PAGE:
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Polls open early and close late. Fit some time into your schedule to take the kids with you to vote before or after school. Prepare them for what to expect. The volunteers will ask for your ID, check your name off the list, hand you a ballot or ask you to step over to a voting machine and when you're finished voting, you'll get an "I Voted" sticker.

Most polling centers will let you take your kids into the voting booth with you. Your children will get an up close view of you casting your vote in the election -- a great lesson no one else but you can show them.

11. Watch Election Night Coverage Together

A pitcure of a family watching tv together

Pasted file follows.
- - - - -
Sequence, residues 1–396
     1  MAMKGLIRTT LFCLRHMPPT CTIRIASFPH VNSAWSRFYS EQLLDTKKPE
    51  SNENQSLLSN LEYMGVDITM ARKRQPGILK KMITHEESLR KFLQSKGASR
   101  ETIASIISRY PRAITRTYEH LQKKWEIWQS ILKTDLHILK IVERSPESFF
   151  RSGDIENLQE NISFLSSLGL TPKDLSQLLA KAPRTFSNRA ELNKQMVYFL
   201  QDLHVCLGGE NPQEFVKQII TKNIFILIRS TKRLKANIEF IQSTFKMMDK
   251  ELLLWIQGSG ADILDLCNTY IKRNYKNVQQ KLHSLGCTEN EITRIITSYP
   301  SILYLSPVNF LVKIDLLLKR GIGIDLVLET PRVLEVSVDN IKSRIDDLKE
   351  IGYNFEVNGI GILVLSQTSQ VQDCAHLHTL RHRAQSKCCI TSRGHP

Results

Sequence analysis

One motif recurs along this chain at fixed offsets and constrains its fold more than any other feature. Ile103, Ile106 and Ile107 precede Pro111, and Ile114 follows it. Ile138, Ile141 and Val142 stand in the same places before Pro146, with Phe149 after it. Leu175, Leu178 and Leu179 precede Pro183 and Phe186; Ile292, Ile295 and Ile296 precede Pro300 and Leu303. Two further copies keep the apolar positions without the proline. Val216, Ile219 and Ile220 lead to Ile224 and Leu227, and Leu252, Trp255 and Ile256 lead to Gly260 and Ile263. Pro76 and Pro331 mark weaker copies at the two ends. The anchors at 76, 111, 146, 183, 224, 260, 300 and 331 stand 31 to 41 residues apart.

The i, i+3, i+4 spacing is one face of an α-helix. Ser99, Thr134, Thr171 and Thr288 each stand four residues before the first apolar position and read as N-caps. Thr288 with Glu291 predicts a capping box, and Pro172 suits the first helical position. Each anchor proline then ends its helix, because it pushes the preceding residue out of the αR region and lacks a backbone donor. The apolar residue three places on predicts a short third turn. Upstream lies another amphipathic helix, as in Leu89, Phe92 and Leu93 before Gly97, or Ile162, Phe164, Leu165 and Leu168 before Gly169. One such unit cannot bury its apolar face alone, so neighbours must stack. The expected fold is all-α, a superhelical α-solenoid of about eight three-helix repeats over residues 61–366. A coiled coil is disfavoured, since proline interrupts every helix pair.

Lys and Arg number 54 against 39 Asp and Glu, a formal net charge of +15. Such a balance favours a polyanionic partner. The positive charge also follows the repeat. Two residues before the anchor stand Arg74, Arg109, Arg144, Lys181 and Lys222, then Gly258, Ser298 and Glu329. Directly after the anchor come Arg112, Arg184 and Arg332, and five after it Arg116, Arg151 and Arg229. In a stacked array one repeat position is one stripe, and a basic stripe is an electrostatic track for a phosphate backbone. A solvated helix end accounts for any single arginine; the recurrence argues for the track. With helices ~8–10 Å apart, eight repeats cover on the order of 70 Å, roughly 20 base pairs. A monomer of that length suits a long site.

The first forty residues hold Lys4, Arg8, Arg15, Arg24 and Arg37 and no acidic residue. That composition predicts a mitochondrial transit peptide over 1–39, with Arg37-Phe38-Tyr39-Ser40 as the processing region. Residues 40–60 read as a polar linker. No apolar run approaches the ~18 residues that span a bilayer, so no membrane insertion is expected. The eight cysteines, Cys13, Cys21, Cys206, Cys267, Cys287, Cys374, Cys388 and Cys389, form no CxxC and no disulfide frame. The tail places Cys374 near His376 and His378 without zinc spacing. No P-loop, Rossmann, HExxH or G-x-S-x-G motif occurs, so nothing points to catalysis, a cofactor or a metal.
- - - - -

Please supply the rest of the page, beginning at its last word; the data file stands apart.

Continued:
Photo © David Buffington / Getty Images
Time to tally the votes and see who's going to win. Curl up on the couch and settle in to watch election night coverage together.

Explain how votes are counted, watch the returns come across your screen and point out that some of the people you've voted for may not win. It's also a great time to let your kids know that, while not everyone will win, the ones who do lose will be gracious in their speeches congratulating the other candidates.

Politics can get ugly and someone's going to be disappointed she didn't win. But at the end of the day, no one puts on a sour face during the concession speech. It's another invaluable lesson for your kids to experience.